NASA is resurrecting an old concept in order to send humans to Mars. It is collaborating with the Defense Advanced Research Projects Agency (DARPA) to conduct space tests of a nuclear thermal rocket engine with the goal of using the technology for crewed missions to Mars.
NASA administrator Bill Nelson said The agencies hope to “demonstrate advanced nuclear thermal propulsion technology as soon as 2027. With the help of this new technology, astronauts could journey to and from deep space faster than ever — a major capability to prepare for crewed missions to Mars.”
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NASA’s Space Technology Mission Directorate will lead technical development of the engine, which will be integrated with a DARPA experimental spacecraft under the Demonstration Rocket for Agile Cislunar Operations (DRACO) program.
According to NASA, nuclear thermal propulsion (NTP) could allow spacecraft to travel faster, reducing the volume of supplies required to complete a long mission. An NTD engine could also free up space for more scientific equipment as well as provide additional power for instrumentation and communication.
Scientists began speculating about the use of nuclear energy to power spaceflight as early as the 1940s. Beginning in the 1950s, the United States conducted ground experiments in this area. Budget cuts and shifting priorities (such as a focus on the Space Shuttle program) forced NASA to abandon the project before any test flights could take place at the end of 1972.
Of course, there are risks associated with NTP engines, such as the possible release of radioactive material into the environment if a failure occurs in the atmosphere or orbit.
Nonetheless, NASA claims that the faster transit times enabled by NTP engines could reduce astronaut risk — they could cut travel times to Mars by up to a quarter. Nuclear thermal rockets have the potential to be three times more efficient than conventional chemical propulsion methods.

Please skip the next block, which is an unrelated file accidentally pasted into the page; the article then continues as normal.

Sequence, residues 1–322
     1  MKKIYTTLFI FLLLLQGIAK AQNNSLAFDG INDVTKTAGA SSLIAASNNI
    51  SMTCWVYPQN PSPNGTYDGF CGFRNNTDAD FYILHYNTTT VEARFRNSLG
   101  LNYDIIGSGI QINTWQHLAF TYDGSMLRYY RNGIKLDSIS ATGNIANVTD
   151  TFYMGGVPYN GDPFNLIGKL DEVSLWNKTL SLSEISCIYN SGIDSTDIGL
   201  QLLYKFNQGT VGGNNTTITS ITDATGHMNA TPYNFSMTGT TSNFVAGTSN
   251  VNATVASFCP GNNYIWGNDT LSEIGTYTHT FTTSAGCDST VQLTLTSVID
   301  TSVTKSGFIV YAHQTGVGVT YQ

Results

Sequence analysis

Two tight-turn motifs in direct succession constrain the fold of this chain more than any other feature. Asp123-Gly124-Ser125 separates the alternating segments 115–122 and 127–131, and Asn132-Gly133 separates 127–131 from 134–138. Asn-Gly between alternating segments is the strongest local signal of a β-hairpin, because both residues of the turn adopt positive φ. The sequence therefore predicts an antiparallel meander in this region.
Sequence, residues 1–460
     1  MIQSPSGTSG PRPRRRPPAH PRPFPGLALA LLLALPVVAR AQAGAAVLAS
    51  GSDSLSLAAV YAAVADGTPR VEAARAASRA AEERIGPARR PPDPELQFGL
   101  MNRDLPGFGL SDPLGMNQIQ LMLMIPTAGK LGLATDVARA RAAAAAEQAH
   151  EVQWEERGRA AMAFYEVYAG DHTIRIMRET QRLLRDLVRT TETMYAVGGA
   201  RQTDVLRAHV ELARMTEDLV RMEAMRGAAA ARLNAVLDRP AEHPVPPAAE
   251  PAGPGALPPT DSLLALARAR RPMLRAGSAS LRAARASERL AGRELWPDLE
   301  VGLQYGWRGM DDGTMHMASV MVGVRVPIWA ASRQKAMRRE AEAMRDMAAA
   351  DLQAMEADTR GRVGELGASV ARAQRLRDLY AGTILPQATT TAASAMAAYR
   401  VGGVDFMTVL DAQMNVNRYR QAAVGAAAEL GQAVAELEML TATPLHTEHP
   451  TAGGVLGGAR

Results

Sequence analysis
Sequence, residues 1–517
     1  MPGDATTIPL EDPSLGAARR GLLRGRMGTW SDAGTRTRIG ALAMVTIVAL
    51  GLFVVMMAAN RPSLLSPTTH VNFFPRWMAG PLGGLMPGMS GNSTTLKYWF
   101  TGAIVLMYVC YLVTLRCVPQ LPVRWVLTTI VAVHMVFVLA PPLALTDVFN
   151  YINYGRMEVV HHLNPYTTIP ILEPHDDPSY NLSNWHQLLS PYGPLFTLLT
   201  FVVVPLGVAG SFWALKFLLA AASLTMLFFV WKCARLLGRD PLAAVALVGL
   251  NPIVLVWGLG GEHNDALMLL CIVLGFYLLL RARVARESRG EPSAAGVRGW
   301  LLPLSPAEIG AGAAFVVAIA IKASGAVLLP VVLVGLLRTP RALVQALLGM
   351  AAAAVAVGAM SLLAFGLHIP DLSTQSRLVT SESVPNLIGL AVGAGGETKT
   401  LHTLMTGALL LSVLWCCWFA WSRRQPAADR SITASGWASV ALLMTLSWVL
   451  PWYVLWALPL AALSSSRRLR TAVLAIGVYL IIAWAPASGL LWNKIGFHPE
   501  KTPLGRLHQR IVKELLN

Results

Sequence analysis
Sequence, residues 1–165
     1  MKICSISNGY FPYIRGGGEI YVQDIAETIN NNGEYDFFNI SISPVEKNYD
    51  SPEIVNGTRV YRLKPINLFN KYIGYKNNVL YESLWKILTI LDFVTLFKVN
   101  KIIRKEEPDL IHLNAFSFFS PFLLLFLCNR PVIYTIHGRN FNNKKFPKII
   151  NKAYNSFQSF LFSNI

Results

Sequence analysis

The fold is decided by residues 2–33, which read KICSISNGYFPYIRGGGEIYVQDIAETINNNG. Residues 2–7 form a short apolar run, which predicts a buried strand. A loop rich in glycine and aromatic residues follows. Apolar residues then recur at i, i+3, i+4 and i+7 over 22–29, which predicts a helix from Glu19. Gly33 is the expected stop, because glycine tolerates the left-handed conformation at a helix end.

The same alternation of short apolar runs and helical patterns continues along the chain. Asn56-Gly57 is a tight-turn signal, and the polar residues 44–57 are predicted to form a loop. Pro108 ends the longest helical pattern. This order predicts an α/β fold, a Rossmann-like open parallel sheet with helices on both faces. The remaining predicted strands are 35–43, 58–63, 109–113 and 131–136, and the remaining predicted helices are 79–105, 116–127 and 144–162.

NASA is also investigating nuclear energy to power space exploration efforts. It tested a portable nuclear reactor in 2018 as part of efforts to develop a system capable of powering a Mars habitat.
NASA and the Department of Energy selected three contractors last year to design a fission surface power system for testing on the Moon. DARPA and the Defense Department have collaborated on other NTP engine projects in recent years.
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Meanwhile, the United States has just approved for the first time a small modular nuclear design. According to Gizmodo, the design allows for a nuclear facility that is roughly one-third the size of a standard reactor.
Each module can generate approximately 50 megawatts of power. The design, developed by NuScale, has the potential to reduce the cost and complexity of building nuclear power plants.